Instead of announcing the next version of its iconic operating system in front of a massive crowd of thousands, Microsoft chose an intimate venue with 50 or so reporters to launch the new Windows, which it’s calling Windows 10. The company looks at the new number (yes, it skipped a number) as an indication of the direction it’s taking with the OS; Microsoft says it’ll be “the most comprehensive platform ever,” featuring a full range of products that’ll be placed under the Windows 10 umbrella as part of “one tailored experience.” That means it will support everything from the “Internet of Things” to enterprise servers. Microsoft’s Joe Belfiore showed off an early beta version of the new Windows on stage, which looks very much like the leaked screenshots we saw not too long ago; Belfiore says that they wanted to bring the familiarity of Windows 7 and combine it with the functionality of Windows 8.
Windows 10 will run across an incredibly broad set of devices – from the Internet of Things, to servers in enterprise datacenters worldwide. Some of these devices have 4 inch screens – some have 80 inch screens – and some don’t have screens at all. Some of these devices you hold in your hand, others are ten feet away. Some of these devices you primarily use touch/pen, others mouse/keyboard, others controller/gesture – and some devices can switch between input types.
When you put all that together, the end result looks a lot like Windows 7. That’s intentional. Microsoft’s Joe Belfiore pointed to the millions of customers still using Windows 7, and said the company wants to make their transition to Windows 10 much more comfortable than the unfamiliar leap to Windows 8 two years ago. “We want all these Windows 7 users to have the sentiment that yesterday they were driving a first-generation Prius, and now with Windows 10 it’s like a Tesla.”
“Windows 10 will deliver the right experience on the right device at the right time,” said Microsoft’s Terry Myerson. “Windows 10 will run on the broadest types of devices ever.” You can expect a unique user interface depending on what you’re running Windows on; images shown at the event line up with leaks that have surfaced in recent weeks. It’s basically a combination of Windows 7 and 8 that borrows design elements from each of Microsoft’s two most recent operating systems.
The new Windows 10 start menu.
The “Metro” start screen and Microsoft’s traditional Start Menu have been combined; no longer is the screen one huge grid of tiles for desktop users. “The tiles and icons that are shown are a blend of classic apps and new universal apps,” Belfiore said. But Live Tiles are still here and can be resized to a user’s preference. More than anything else, Microsoft is working to make everything feel way more cohesive. “In Windows 8 when users launched a modern app, it sort of had a different environment,” Belfiore said. “We don’t want that duality. We want users on PCs with mice and keyboards to have their familiar UI.”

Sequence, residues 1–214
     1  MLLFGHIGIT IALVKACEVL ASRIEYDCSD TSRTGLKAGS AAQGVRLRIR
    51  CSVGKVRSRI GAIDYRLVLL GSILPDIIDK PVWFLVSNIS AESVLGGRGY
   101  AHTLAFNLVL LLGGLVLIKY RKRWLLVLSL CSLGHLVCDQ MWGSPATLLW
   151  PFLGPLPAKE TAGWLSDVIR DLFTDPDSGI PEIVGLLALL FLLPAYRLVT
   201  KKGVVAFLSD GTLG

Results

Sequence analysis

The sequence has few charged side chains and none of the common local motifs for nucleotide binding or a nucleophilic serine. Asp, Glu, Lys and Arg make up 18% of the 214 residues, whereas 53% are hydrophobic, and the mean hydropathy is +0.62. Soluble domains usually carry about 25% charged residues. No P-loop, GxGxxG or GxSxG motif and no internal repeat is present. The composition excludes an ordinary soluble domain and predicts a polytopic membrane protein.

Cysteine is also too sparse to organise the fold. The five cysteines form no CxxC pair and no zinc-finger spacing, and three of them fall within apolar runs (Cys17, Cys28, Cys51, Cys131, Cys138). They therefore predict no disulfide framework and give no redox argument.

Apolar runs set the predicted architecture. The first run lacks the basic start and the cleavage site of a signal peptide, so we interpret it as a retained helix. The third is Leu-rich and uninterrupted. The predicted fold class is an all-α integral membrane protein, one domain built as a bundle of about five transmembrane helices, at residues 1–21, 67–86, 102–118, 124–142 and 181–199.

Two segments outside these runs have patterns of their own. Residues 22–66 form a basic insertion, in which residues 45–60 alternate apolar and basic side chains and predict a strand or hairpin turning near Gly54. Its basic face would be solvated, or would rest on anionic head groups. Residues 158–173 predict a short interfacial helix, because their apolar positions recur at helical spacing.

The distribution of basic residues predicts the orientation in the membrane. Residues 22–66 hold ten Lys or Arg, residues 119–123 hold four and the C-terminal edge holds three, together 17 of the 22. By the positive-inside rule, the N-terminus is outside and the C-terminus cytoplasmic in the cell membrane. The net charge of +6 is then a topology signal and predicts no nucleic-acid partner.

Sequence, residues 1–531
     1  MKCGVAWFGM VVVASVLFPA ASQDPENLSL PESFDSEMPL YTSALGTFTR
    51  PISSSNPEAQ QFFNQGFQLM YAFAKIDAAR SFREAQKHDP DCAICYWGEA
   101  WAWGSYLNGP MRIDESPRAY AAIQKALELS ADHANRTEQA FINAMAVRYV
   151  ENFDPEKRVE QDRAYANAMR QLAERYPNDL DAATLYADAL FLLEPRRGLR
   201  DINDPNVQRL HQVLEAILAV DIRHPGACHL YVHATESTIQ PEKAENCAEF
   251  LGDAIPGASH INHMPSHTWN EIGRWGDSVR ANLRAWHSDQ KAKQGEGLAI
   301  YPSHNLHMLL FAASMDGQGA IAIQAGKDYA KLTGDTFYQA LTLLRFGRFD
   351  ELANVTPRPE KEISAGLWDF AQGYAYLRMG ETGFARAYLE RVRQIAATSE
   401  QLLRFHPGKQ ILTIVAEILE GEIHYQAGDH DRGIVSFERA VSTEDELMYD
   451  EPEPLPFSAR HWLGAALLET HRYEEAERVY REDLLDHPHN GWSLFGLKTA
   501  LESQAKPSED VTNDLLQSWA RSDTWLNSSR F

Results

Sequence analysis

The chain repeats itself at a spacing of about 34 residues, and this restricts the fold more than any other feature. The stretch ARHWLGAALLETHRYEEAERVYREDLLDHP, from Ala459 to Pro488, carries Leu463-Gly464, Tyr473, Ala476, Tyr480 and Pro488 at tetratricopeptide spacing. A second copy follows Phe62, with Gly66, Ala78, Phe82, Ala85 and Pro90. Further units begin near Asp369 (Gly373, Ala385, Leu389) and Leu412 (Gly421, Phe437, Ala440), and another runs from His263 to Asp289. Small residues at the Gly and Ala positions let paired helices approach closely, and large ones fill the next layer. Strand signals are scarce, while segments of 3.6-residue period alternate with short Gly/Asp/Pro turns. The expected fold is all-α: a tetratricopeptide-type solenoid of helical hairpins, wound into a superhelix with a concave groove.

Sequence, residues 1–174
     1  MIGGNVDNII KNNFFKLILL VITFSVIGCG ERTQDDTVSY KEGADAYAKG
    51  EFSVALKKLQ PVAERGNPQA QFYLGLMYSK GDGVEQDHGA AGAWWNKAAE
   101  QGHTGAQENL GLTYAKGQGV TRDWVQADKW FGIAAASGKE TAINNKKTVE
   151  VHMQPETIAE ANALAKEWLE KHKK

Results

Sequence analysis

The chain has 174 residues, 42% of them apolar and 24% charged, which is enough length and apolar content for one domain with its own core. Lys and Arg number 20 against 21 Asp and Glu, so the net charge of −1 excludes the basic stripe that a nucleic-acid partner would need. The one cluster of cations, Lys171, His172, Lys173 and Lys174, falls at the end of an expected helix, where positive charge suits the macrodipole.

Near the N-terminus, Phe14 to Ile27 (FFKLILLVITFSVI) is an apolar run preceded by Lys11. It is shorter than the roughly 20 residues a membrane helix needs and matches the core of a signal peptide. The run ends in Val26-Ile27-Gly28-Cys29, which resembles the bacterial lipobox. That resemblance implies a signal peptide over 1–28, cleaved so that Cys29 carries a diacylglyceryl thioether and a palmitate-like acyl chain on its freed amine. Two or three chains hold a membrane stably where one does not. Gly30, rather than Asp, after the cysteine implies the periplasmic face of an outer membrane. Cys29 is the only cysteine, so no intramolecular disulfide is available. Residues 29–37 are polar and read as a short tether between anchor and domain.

There’s a new universal search in the start menu that pulls in results from the web, and Microsoft is also talking up its “task view,” which helps users master Windows’ multitasking features. It looks fairly similar to Expose in OS X and allows users to set up different desktops for work, home, and other usage scenarios, switching apps between them at will. Up to four apps can now be snapped on screen, which also should ramp up Windows 10’s multitasking power. Microsoft outright admitted this isn’t entirely an earth-shattering addition. But it is intended to speed up your productivity across the entire operating system. “It illustrates for Windows we have to address a breadth of users,” Belfiore said, moving on to show a big improvement to the command prompt: it now supports paste.
Windows 10’s Task View.
But Microsoft isn’t abandoning touch input. Belfiore said the Charms bar from Windows 8 has been carried over to Windows 10 with improvements of its own. “We want to support those Windows 8 users who have touch machines and getting a lot of benefit out of them.” For convertible devices like the Lenovo Yoga 2 Pro, Microsoft is adding a new Continuum mode that aims to make the frequent switch between tablet mode and laptop mode more seamless. “What you get is a device that operates with the simplicity of a tablet, but morphs itself back to the familiar PC experience,” said Belfiore.
Microsoft will launch a Windows 10 “Insider Program” beginning tomorrow, which will give its most enthusiastic and vocal users a chance to try out and help shape the new OS before the general public gets it. Windows 10 will launch to consumers everywhere in late 2015. And today was only the beginning; Microsoft says it will unveil much more about the new consumer features of Windows 10 early next year.